Woman gets life term for murdering and burning partner


She was sentenced to life imprisonment in a case heard by judge Mohan Burhan and a jury of nine.

The prosecution was led by state counsel Micheal Mulkerins while attorney Karen Domingue represented the accused.

The 35-year-old woman – Helene Beauchamp – gave differing statements to the police after her arrest in March 2011, admitting she murdered her husband, Jimmy Moustache, 48, and burned his body.

Neighbours at Barbarons became aware of a bad smell emanating from the house of Mr Moustache after March 6, 2011.

After five days, the smell was too disturbing.  Some neighbours saw “pieces of meat”, after fire was set on the pile of rubbish.

One witness said twice he saw the accused carrying coconut leaves from the bush and bringing it to the fire. He said the smell was “like that of burning rubber”.

The smell had continued and five days later, he decided to contact the police, especially since neither he nor his girlfriend had seen Mr Moustache for several days.

Police officers giving evidence said on information that something strange was going on, they went to the house of the accused and Mr Moustache at Barbarons to investigate the bad smell.

They took a spade, dug near the rubbish and encountered a skull. When they confronted the accused with the skull, she said: “That is him, he has always threatened to poison himself”.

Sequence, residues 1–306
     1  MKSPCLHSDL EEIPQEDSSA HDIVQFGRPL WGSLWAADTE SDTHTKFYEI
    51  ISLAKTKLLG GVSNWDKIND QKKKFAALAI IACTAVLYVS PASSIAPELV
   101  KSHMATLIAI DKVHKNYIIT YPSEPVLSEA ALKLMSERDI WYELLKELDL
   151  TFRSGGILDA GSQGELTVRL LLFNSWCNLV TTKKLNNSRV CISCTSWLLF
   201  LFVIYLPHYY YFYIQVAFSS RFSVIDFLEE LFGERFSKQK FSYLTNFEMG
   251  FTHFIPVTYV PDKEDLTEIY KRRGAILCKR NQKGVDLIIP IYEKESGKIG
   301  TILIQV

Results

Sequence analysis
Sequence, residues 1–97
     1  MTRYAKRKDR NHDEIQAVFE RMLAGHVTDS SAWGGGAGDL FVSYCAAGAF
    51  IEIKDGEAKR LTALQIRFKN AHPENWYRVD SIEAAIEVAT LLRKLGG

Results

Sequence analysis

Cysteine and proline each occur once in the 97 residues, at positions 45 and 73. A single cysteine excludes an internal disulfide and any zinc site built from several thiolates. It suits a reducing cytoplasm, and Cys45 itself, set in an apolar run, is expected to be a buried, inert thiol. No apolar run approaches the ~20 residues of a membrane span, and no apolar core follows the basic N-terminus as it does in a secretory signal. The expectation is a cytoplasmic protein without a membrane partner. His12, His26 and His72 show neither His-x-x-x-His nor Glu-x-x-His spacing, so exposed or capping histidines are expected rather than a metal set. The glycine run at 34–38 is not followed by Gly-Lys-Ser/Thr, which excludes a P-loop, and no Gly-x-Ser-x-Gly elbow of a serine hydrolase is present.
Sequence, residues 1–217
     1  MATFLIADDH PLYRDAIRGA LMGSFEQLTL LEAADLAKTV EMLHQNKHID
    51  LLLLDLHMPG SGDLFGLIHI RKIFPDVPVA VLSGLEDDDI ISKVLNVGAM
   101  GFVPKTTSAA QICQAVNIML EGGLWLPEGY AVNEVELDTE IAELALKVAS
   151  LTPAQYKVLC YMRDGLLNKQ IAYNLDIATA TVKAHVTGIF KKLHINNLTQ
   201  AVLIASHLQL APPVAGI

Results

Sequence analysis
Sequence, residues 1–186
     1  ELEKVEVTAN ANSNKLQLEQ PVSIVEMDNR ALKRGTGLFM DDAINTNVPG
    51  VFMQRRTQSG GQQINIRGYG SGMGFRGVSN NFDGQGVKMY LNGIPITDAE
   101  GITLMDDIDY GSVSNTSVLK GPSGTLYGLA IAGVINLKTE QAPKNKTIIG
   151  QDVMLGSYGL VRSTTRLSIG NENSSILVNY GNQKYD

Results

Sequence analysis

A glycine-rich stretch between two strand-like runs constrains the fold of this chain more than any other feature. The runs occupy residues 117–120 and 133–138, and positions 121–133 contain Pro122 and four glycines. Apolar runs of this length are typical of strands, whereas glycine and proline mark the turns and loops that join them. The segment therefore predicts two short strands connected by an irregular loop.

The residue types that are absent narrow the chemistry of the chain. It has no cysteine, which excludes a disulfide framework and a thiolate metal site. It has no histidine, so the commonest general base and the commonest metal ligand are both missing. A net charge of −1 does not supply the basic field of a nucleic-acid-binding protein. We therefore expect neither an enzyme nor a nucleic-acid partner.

Pathologist Marrija Zlatovik who examined the remains of the burnt body said she could not say whether there were chemicals in the body as samples of blood, urine, parts of organs and stomach contents have to be analysed and none were available due to the burning.

After her arrest Beauchamp gave different confessional statements but tried to retract later. All the statements were read out in court.

In the first she alleged that she had strangled Mr Moustache, the father of their four-year-old daughter after he came home and fell asleep on March 3, 2011.  She only started to dispose of the body by burning the following night, she said.

In a different statement, she alleged that she put poison in his tea and later she went to town. As in her previous statement she had said she had then proceeded to burn his body.

Summing up, judge Burhan told the jury that the accused in her defence admitted that she had poisoned and burnt Mr Moustache.

Her lawyer while conceding to these facts, took up the defence of diminished responsibility.
The judge noted that the burden of proving the defence of diminished responsibility lay with the accused.

“The mere fact that poisoning a person and setting fire to his body is not acting normally does not establish diminished responsibility. No doubt, this might not be the normal behaviour of mankind, but that alone does not establish the defence of diminished responsibility,” he said.

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